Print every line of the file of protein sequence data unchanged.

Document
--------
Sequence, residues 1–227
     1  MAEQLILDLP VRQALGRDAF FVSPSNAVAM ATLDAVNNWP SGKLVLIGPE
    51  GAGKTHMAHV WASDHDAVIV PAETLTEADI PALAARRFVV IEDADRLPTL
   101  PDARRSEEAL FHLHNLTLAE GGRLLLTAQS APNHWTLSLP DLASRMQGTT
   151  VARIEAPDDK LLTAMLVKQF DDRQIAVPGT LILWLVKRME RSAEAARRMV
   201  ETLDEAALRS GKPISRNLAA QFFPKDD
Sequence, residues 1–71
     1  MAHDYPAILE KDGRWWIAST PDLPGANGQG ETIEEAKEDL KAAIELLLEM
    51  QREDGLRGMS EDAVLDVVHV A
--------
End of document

Sequence, residues 1–227
     1  MAEQLILDLP VRQALGRDAF FVSPSNAVAM ATLDAVNNWP SGKLVLIGPE
    51  GAGKTHMAHV WASDHDAVIV PAETLTEADI PALAARRFVV IEDADRLPTL
   101  PDARRSEEAL FHLHNLTLAE GGRLLLTAQS APNHWTLSLP DLASRMQGTT
   151  VARIEAPDDK LLTAMLVKQF DDRQIAVPGT LILWLVKRME RSAEAARRMV
   201  ETLDEAALRS GKPISRNLAA QFFPKDD
Sequence, residues 1–71
     1  MAHDYPAILE KDGRWWIAST PDLPGANGQG ETIEEAKEDL KAAIELLLEM
    51  QREDGLRGMS EDAVLDVVHV A